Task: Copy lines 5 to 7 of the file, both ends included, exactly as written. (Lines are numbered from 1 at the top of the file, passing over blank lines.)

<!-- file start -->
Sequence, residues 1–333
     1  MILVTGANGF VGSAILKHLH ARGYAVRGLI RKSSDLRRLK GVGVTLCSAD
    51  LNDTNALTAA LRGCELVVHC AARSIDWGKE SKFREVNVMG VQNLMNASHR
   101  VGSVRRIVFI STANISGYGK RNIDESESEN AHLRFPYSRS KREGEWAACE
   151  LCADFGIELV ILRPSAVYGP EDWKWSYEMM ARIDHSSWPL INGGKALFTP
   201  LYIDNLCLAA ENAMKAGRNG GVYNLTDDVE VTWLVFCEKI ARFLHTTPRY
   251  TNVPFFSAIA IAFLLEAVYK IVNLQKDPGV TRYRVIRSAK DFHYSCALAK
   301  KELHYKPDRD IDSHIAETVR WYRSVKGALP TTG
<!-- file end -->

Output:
   151  LCADFGIELV ILRPSAVYGP EDWKWSYEMM ARIDHSSWPL INGGKALFTP
   201  LYIDNLCLAA ENAMKAGRNG GVYNLTDDVE VTWLVFCEKI ARFLHTTPRY
   251  TNVPFFSAIA IAFLLEAVYK IVNLQKDPGV TRYRVIRSAK DFHYSCALAK